Kate Collins-Donnelly; therapist, consultant, and author of Starving the Anxiety Gremlin, talks about the rise of anxiety in children. In this article, Kate discusses what can be done to help young people struggling with anxieties and shares a letter from one of the young people she has worked with on her experiences of overcoming problems caused by anxiety.
Anxiety is one of the most common mental health disorders in the UK and worldwide. The UK ONS Child and Adolescent Mental Health Survey published in 2004 estimated that 290,000 children and young people nationally had an anxiety disorder, which equated to 2.2% of 5 to 10 year olds and 4.4% of 11-16 year olds. Leading anxiety charity, Anxiety UK, estimate that one in six 16-24 year olds have suffered from an anxiety disorder and five pupils in an average school class will have experienced anxiety. And results form an NSPCC survey published in 2004 revealed that 34% of the young people studied felt that they were always worrying about something, with 11% feeling extremely worried.
We still don’t know the true prevalence rates amongst national and global populations as, like many other mental health disorders, anxiety disorders remain under-reported and under-diagnosed. However, what is clear is that anxiety is a common cause of distress for children and young people today.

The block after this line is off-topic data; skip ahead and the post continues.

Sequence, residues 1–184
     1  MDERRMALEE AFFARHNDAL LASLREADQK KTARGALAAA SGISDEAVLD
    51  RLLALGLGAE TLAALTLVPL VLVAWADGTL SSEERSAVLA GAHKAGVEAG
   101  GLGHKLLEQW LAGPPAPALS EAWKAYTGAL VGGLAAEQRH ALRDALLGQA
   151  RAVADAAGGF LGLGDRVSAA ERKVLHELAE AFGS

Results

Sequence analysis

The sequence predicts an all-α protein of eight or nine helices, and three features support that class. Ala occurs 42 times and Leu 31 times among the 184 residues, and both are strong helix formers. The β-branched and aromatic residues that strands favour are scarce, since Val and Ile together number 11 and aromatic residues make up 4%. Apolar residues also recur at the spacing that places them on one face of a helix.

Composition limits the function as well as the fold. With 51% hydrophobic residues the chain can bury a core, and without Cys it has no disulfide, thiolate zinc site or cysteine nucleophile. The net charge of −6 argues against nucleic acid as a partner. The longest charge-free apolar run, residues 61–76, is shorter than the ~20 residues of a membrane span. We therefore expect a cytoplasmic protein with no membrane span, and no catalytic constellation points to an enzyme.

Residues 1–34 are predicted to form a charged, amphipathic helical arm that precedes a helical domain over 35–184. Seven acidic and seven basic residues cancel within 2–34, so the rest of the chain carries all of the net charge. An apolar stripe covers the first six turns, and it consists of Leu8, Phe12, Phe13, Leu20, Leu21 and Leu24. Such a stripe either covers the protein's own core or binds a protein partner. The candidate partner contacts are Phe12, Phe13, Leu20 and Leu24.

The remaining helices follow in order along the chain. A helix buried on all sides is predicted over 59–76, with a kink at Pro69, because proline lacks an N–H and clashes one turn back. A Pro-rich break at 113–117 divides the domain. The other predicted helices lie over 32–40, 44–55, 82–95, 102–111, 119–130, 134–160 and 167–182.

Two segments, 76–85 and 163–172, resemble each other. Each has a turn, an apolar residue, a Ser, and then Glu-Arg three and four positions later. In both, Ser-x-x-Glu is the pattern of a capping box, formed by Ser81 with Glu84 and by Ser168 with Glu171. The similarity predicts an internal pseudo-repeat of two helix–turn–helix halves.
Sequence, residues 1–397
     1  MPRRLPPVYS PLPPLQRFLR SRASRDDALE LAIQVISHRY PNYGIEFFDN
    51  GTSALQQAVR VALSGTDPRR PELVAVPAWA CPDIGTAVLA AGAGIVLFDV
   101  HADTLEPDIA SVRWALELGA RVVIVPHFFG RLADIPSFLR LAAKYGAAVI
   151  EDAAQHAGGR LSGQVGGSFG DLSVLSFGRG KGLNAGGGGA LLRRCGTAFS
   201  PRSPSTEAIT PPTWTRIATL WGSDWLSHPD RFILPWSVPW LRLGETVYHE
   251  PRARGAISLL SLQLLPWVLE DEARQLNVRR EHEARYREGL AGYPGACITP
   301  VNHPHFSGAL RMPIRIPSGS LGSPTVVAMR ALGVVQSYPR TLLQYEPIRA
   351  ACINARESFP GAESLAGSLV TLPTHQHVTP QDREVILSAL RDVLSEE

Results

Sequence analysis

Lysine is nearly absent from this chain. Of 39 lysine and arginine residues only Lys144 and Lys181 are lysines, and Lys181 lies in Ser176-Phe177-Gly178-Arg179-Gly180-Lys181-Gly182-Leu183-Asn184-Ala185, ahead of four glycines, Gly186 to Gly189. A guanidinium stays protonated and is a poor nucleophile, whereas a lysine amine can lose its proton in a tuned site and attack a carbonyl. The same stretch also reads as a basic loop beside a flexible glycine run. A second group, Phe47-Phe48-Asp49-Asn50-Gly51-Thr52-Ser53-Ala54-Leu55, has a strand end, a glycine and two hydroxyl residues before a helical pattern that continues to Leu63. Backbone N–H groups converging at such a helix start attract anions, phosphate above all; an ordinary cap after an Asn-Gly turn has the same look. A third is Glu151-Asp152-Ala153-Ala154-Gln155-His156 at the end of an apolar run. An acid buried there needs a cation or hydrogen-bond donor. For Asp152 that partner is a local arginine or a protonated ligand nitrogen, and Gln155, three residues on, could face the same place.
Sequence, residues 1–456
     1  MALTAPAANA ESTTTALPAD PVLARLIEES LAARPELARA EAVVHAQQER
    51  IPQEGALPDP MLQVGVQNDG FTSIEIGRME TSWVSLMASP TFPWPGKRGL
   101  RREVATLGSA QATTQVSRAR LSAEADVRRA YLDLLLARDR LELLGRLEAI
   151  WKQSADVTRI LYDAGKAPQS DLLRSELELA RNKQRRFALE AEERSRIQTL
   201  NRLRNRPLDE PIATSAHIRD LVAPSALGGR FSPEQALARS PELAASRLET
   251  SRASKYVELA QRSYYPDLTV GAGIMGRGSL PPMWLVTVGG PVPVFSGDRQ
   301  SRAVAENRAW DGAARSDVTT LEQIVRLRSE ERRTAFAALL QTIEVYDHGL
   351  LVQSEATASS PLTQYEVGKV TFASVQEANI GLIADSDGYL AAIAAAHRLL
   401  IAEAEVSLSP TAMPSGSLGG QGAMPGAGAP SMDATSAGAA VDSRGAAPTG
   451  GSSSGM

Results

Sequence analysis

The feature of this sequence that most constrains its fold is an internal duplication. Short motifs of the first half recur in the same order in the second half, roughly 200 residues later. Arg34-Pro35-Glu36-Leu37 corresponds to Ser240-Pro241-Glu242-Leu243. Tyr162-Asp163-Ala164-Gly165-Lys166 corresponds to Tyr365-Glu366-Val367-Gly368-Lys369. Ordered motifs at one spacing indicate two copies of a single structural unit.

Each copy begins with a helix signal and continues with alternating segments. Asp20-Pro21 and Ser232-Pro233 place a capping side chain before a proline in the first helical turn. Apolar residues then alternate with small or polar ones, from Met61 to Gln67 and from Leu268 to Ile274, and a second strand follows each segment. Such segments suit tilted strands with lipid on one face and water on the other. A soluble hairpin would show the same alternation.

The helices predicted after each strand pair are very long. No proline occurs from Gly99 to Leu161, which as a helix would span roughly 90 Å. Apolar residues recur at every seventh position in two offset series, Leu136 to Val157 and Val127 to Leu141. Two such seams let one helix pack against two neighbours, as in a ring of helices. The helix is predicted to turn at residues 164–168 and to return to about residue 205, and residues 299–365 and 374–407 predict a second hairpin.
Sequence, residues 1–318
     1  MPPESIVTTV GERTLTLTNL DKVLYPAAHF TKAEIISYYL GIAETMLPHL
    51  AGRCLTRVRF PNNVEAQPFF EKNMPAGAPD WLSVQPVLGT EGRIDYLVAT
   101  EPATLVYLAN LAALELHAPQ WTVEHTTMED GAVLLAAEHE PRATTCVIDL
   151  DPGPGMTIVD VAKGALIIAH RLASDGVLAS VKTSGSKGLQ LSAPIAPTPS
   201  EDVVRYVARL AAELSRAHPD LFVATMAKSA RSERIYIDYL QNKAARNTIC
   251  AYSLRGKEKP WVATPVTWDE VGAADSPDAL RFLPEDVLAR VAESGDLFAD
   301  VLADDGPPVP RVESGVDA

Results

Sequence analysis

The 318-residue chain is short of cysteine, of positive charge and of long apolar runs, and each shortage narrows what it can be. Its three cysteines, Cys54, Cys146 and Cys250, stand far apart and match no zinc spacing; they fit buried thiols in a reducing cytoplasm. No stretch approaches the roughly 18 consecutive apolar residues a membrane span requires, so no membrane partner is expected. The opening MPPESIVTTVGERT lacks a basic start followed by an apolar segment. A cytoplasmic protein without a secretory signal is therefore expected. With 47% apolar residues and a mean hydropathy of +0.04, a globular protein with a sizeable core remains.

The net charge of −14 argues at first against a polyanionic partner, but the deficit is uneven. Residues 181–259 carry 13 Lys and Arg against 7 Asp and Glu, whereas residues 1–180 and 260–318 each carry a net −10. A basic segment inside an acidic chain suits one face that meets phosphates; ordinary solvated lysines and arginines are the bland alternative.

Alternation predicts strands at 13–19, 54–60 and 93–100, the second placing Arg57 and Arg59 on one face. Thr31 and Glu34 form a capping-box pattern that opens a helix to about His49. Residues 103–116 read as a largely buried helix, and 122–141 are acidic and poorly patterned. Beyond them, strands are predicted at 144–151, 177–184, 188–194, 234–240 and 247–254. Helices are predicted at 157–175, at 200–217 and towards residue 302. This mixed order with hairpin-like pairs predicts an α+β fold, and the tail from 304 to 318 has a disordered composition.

Just like for adults, anxiety can come in different shapes and sizes for children and young people too – with some children and young people getting anxious about a variety of things and others only experiencing anxiety in response to very specific situations. Common worries for children and young people include school work, exams, friendships, family circumstances, health, death, bullying, body image, and much more. And children and young people can experience anything from normal occasional worries, fears and nerves to long-lasting and severe anxiety disorders that include generalised anxiety disorder, simple and complex phobias, panic disorder, separation anxiety, obsessive compulsive disorder and health anxiety.
Not only is anxiety common and varied, it also has the potential to be debilitating, especially when experienced on a frequent basis. This is partly because anxiety can bring such a wide range of cognitive, physical, emotional and behavioural symptoms with it, including concentration problems, obsessive thoughts, headaches, racing heartbeat, panic attacks, loss of confidence, avoidance of situations and procrastination to name a few. And it is important to remember that these symptoms can vary from young person to young person. It is also because anxiety can have impacts on all aspects of a young person’s life, including their studies, work, relationships, physical health, mental health and emotional wellbeing, future prospects, motivation and much more.